Property Law As Urban Development In Poor, Self-Building Communities

In All, Latin America & Caribbean, Social, Cultural, Political, UDIN (All), Urban Inspiration by World Unwrapped

Project Lead/Organization Name: Hernando de Soto, Institute for Liberty and Democracy

Institute for Liberty and Democracy (ILD) in Lima, Peru:

works with developing countries to implement property and business rights reforms that provide the legal tools and institutions required for citizens to participate in the formal national and global economy. (ILD website)

Peruvian economist Hernando de Soto noticed in urban cities in developing countries there was a lot of informal architecture and community-building happening in impoverished urban areas. His research is on informal economies. People were building their own houses, finding reusable resources, and building their communities from the ground up out of necessity. They were not in the government’s system, and did not want to use it because it was complicated and provided limitations and restrictions. On the other hand, there were other self-built communities that became apart of the legal system, and as a result, flourished in ways the former could not. de Soto realized that property laws and business rights are integral in self-initiated community development. de Soto understands the way communities pull themselves out of poverty is by self-determination in conjunction with state rights and benefits.

ILD is about property rights. Rights to build, to develop, to scale, to thrive. ILD seeks to merge the “illegal” (or informal) economy of community development with the legal economy to create bottom-up solutions that make sense for the residents of the community and are inline with government laws. These self-built communities are already resilient and resourceful so imagine what could be done with legal rights and resources. ILD’s work is not only with self-built communities–it works with impoverished urban communities all over the world. ILD is empowering communities to have ownership over how they develop their communities and how they make economic transactions, while still working within legal limits and have access to resources to grow sustainably.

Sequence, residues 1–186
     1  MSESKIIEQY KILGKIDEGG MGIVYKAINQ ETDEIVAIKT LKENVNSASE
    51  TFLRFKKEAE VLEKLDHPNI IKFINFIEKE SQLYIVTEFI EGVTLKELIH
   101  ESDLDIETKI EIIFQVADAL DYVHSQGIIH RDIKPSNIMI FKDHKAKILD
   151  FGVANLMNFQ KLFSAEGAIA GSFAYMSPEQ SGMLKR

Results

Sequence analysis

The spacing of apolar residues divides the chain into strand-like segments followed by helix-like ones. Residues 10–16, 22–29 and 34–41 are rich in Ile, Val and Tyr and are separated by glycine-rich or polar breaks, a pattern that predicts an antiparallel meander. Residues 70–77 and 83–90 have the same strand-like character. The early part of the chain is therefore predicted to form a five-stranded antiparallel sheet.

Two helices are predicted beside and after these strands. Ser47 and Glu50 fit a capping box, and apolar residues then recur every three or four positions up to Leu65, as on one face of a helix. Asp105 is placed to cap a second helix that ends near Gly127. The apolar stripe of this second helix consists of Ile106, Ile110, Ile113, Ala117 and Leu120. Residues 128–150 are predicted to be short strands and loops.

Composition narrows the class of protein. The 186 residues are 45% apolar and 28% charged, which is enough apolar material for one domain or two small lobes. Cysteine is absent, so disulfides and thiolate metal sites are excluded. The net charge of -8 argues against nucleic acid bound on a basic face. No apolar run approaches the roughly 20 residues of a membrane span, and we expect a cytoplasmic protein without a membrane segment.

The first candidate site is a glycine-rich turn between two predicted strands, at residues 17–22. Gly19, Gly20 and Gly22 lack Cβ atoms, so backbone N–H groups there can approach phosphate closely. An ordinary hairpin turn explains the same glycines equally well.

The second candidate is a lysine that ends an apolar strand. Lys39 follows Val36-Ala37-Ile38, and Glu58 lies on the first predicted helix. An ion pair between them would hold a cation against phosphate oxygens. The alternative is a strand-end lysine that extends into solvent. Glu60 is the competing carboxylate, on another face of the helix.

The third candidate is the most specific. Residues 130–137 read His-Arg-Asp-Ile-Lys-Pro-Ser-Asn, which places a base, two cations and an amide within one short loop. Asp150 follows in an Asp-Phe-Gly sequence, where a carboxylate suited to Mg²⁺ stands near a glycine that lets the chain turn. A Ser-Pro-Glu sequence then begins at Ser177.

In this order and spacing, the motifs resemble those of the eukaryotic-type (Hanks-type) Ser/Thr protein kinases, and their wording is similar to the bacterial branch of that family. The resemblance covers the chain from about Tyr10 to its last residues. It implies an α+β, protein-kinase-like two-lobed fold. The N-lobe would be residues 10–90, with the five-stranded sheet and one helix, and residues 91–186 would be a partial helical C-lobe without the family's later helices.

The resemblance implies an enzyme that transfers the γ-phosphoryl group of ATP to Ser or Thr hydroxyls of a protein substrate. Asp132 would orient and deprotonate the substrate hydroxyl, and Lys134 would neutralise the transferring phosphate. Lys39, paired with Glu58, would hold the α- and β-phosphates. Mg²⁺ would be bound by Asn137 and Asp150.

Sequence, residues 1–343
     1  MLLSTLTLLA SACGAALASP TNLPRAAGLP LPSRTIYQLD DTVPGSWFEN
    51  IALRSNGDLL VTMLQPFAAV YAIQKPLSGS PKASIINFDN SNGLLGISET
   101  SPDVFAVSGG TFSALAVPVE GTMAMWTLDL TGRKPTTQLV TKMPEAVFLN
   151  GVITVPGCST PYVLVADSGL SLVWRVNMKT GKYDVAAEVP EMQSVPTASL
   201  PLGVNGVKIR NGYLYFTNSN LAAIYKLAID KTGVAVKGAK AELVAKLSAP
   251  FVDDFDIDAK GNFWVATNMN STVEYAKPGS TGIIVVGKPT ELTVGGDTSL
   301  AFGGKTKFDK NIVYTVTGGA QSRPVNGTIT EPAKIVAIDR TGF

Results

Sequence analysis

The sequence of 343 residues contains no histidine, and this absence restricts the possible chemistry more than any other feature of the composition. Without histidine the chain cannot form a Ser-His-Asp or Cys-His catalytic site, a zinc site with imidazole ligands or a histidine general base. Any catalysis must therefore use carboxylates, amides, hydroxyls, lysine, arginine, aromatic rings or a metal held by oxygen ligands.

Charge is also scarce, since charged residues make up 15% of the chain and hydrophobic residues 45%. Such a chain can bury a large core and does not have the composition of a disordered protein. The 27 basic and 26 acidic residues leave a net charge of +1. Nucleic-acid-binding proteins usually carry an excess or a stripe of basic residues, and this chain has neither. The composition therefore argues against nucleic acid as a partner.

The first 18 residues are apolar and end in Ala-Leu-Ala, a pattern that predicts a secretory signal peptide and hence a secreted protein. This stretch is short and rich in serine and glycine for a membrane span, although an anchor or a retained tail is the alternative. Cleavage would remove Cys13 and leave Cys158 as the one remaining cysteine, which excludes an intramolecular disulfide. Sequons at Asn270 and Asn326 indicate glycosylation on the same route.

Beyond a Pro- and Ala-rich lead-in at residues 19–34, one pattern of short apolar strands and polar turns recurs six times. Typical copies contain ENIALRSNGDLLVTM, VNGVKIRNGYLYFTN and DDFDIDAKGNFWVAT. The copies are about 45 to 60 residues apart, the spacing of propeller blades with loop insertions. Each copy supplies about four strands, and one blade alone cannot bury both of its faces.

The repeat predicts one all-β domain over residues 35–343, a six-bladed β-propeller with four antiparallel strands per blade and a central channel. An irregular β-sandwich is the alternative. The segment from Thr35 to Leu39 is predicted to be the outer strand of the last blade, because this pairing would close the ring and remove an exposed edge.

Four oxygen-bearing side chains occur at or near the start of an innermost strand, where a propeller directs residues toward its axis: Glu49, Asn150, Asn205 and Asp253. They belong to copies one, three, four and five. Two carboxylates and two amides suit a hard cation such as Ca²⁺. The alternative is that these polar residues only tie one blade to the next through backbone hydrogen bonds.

What ILD realizes in their property paradigm is:

for real sustainable economic growth to occur and for the rule of law to gel, widespread property rights were more important to development than suspected. For the ILD, the laws and records that document property arrangements generate the economic facts humans need to control, share, and combine them to produce higher valued combinations. (ILD website)

This means effective and sustainable urban development cannot happen unless property laws allow for agency, ownership, and growth. ILD is an amazing example of how integral urban development is within all aspects of a country’s system. There are so many ways to support community-led development, and making sure laws allow for and encourage community-based solutions that are generated and initiated by the community is a vital part.